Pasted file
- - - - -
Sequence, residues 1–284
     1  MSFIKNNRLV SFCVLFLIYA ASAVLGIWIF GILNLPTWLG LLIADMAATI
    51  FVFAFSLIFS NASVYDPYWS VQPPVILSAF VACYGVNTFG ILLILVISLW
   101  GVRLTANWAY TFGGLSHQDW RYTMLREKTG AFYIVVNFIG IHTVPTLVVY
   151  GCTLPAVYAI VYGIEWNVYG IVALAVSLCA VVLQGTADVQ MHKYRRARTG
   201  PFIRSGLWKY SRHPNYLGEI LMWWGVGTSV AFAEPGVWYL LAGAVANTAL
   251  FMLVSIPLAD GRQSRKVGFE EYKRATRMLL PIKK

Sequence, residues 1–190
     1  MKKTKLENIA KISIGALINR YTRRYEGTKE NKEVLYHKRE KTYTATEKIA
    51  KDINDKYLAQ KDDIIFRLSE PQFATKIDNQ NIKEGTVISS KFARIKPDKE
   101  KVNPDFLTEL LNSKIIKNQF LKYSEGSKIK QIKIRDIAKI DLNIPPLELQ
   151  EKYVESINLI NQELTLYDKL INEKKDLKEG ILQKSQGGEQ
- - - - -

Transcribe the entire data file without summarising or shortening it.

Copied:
Sequence, residues 1–284
     1  MSFIKNNRLV SFCVLFLIYA ASAVLGIWIF GILNLPTWLG LLIADMAATI
    51  FVFAFSLIFS NASVYDPYWS VQPPVILSAF VACYGVNTFG ILLILVISLW
   101  GVRLTANWAY TFGGLSHQDW RYTMLREKTG AFYIVVNFIG IHTVPTLVVY
   151  GCTLPAVYAI VYGIEWNVYG IVALAVSLCA VVLQGTADVQ MHKYRRARTG
   201  PFIRSGLWKY SRHPNYLGEI LMWWGVGTSV AFAEPGVWYL LAGAVANTAL
   251  FMLVSIPLAD GRQSRKVGFE EYKRATRMLL PIKK

Sequence, residues 1–190
     1  MKKTKLENIA KISIGALINR YTRRYEGTKE NKEVLYHKRE KTYTATEKIA
    51  KDINDKYLAQ KDDIIFRLSE PQFATKIDNQ NIKEGTVISS KFARIKPDKE
   101  KVNPDFLTEL LNSKIIKNQF LKYSEGSKIK QIKIRDIAKI DLNIPPLELQ
   151  EKYVESINLI NQELTLYDKL INEKKDLKEG ILQKSQGGEQ